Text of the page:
Using cancer is only minor, can primary

Using
the Ontario Cancer Registry, 669 women treated for unilateral early-stage
breast cancer between 1994 and 1997 with a breast tumour recurrence more than
two years later (up to the end of December 2003) were studied by Paszat, Sutradhar, Gu, and Rakovitch (2016). The time interval between initial treatment and
the confirmation of an ipsilateral recurrence or contralateral primary was
compared between women who did and did not receive annual surveillance
mammography. It was concluded that an annual mammography screening following
treatment for early stage breast cancer moderately reduces breast cancer
mortality. Another case control study was conducted in the Netherlands from
1975 to 2012 by Ripping, van der Waal, Verbeek, and Broeders (2016) to examine the
effect of mammography screening on mortality rates from breast cancer in women
40 to 75 years of age with a high or low socioeconomic status (SES). Data
analyzed from the Netherlands’ national screening program suggests that mammographic
screening is equally effective at reducing mortality rates from breast cancer
in women regardless of SES. Since breast cancer is more prevalent in women with
a high SES, the latter suggests that a higher number of breast cancers can be prevented
with mammography screening for women with high SES.   

      The above research by Paszat et al. (2016)
and Ripping et al. (2016) comes from peer-reviewed journals with impact factors
of 2.048 and 2.133 respectively. These are moderate impact factor values
reflecting the frequency at which these papers have been cited. The studies
suggest that mammography screening moderately reduces mortality rates from
breast cancer; however, both studies failed to address the benefit-risk ratio
of undergoing mammography screening. Ripping et al. (2016) stated that women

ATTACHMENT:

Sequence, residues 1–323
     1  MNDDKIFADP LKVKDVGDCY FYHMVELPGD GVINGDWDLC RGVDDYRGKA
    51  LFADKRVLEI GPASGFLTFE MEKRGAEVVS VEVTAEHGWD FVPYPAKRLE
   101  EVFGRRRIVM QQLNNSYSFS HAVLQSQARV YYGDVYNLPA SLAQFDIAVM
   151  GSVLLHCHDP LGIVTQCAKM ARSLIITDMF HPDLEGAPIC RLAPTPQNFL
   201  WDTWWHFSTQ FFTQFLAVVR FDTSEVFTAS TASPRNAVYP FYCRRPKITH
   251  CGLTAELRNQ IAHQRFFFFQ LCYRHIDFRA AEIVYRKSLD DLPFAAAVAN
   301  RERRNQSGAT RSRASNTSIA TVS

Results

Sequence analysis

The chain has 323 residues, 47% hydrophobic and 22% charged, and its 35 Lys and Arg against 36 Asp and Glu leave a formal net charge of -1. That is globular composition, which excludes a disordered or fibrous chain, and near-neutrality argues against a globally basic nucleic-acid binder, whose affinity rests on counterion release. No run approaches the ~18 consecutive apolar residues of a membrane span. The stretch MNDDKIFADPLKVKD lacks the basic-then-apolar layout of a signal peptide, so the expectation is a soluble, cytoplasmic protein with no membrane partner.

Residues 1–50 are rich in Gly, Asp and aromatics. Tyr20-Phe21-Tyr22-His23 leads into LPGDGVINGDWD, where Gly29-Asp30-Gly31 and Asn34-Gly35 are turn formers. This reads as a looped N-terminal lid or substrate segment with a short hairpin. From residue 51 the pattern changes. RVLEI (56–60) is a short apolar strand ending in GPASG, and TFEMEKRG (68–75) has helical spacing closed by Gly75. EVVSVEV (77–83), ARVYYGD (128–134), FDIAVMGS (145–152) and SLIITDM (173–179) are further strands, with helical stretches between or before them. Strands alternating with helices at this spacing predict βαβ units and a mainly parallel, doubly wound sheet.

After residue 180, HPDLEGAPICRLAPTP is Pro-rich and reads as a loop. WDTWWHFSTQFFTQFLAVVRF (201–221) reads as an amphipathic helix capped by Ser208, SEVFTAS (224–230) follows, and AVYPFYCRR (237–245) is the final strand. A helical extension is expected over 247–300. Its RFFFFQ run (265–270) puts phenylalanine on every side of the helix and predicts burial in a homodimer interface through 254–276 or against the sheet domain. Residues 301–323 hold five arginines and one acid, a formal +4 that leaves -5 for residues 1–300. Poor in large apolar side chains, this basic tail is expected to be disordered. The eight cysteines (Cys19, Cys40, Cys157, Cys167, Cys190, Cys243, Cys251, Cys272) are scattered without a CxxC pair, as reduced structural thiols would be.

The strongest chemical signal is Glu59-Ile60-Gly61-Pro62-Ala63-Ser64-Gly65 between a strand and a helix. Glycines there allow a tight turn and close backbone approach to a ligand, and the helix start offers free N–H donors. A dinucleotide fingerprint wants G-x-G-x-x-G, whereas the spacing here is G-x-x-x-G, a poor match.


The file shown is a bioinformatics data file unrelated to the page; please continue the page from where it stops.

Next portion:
with high SES have greater breast density, which can prevent tumour detection
on a mammogram. Therefore, research examining the risks of screening may reveal
that the risks outweigh the benefits for someone of a higher SES. This poses
the following question for future research to investigate; if the reduction in
mortality rates from breast cancer is only minor, can primary prevention (i.e. proper
diet and exercise) cause the same reduction in breast cancer mortality as
mammography screening? Additionally, are there other benefits to mammography
screening in addition to reduced mortality rates?

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Ripping
et al. (2016) highlighted that only one other study had researched the effect
of mammography screening in younger women 40-49 years of age with a high or low
SES. Only women over 40 years of age were studied in both research papers
perhaps because they have the highest incidence of breast cancer. Future
research should address the influence that mammography screening has on women
younger than 40 years of age.

Lastly,
the long follow-up periods present in the two studies poses both advantages and
disadvantages to the research. As the screening programs progressed, radiological
screening equipment and techniques became more advanced. In addition to this, Ripping
et al. (2016) did not hold the number of mammograms constant across the whole
period and the Netherlands population data utilized by Paszat et al. (2016)
became more inclusive; however, due to the nature of the study, a long-follow
up period was necessary and enhanced the overall relevancy and quality as both
papers examined mortality rates.

The questions
and future research inquiries mentioned above need to be addressed prior to any
formal recommendations to patients as the benefit-risk ratio, age of diagnosis,
and limitations of the studies at hand are important contributing factors to whether
or not mammographic screening is appropriate.